**LFSD West Coast Challenge
**Long Flights
On Short Days

**Z Adjustment Factor Expression
**modified on 12/31/2004 / for use from 2005 through 2020

To calculate a score, we multiply the miles flown times a calculated adjustment factor "z" to devalue longer days. In 2004, we used a simpler expression that resulted in an elegant curve, but the outcome seemed to favor flights near the equinox, so for 2005 we gave the expression 4 exponent "tool handles" to control the curve shape. Since there is a seasonal lag we use an "if" statement to select separate formulas for waxing and waning days. Each formula contains 2 exponent handles that we use to adjust the shape of the curve. There is interaction between the exponents, but one is used to "stretch" the top of the curve around the solstice and the other is used to control the slope (steepness) through the equinox.

The expression was assembled in an Excel Spreadsheet "Calculator". You can go to the graph page and play with the curve shape by changing the anchored exponent reference cell values. We labeled the cells to make it easier to logically follow the math.

- Spreadsheet Terms
- Exponent "tool handles" in curving sequence:
- "se" is the waxing stretch exponent to flatten the top of the curve early in the year
- "de" is the waxing drop exponent to drop the curve as the days lengthen
- "ce" is the waning climb exponent to climb the curve as the days shorten
- "re" is the waning reach exponent to flatten the top of the curve toward the end of the year

- Days
- "d" is the day of the year with Jan 1 as day 1 and Feb 28 as day 59...
- "dx" ~ d/2. used for waxing days (d<184) calculated by dividing d by 2
- "dy" ~ 183-(d/2). used for waning days (d>183) calculated by dividing d by -2 and adding 183

- Flattening the top of the curve
- "sx" ~ (dx^se)/(90^(se-1)). stretching the early waxing days by raising them to the stretching exponent and then dividing by 90 raised to the (stretching exponent -1)
- "ry" ~ (dy^re)/(90^(re-1)). reaching the late waning days by raising them to the reaching exponent and then dividing by 90 raised to the (reaching exponent -1)

- Taking the Cosine
- "cx" ~ cos sx. taking the cosine of the flattened waxing days
- "cy" ~ cos ry. taking the cosine of the flattened waning days

- Increasing the steepness of the slope of the curves middle z values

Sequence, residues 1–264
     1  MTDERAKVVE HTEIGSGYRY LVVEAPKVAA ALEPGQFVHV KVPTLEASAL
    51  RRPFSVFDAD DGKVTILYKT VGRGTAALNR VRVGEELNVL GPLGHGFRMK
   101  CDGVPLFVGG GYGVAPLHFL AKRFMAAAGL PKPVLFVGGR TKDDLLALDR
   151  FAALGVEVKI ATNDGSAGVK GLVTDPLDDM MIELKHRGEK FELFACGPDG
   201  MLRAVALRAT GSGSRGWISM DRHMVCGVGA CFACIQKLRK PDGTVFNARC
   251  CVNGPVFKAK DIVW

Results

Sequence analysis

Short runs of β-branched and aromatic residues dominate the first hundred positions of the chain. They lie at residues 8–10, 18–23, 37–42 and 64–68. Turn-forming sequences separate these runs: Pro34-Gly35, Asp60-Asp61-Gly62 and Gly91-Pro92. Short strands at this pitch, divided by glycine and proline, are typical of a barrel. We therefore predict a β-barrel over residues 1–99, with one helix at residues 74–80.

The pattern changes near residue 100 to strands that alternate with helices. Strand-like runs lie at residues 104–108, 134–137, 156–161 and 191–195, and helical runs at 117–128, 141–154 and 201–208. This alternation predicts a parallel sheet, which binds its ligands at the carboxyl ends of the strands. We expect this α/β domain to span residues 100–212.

- "zx" ~ sx^de. raising the cosine of the flattened waxing days to the dropping exponent
- "zy" ~ sx^ce. raising the cosine of the flattened waning days to the climbing exponent
- "z" ~ use zx. for waxing days and zy for waning days

- Exponent "tool handles" in curving sequence:

Exponents for 2005 - 2020: se=2.0, de=16, re=2.2, ce=26

**Expression:**- To calculate for waxing days: If d<184, then:
- z ~ (cos (((d/2)^se)/(90^(se-1))))^de

- To calculate for waning days: If d>183, then:
- z ~ (cos (((183-(d/2))^re)/(90^(re-1))))^ce

- To calculate for waxing days: If d<184, then:

*Exponent Selection:* The focus was to make the curve work in the prime months where our South
Coast flying has an advantage over other sites. Early November through
early March. Longer flights will be had from SB in April, but flat land
sites have historically posted bigger numbers by mid spring. The
expression for 2006 was frozen on 12/31/04, but in future years we may choose to
tweak the curve down for late winter if pilots continue to push out further in
the desert flats early in the season.

*Negative Cosine Values:* There are some negative cosine values for days
181 through 185, but the effective z output on those days utilizing the exponent
values for our purpose is zero, so the negative values have no real effect and
we choose to ignore them to make the calculation simpler. We could force
the negative values positive, but that would entail extra clunkiness. The
next time someone creates our solar system, if they could make our year 360 days
instead of 365¼ days, life would be a little easier.

*Rounding:* "z" is displayed to 4 decimal places, but is calculated to more
precision within our calculator. Miles are input and displayed to the nearest
10th mile.
The final score is displayed to the nearest integer (rounded to the nearest
whole number). The calculator can display more precision, but we will score
based on the nearest 10th of a mile
displayed by the calculator.
This seems like a reasonable resolution, especially for the few dinosaurs that
haven't incorporated gps or pilots who experienced an instrument malfunction. The compounding of rounding errors could
permit a shorter flight to win, but it's not a perfect world and its only a game
for fun. Reaching pilots will do well over numerous seasons.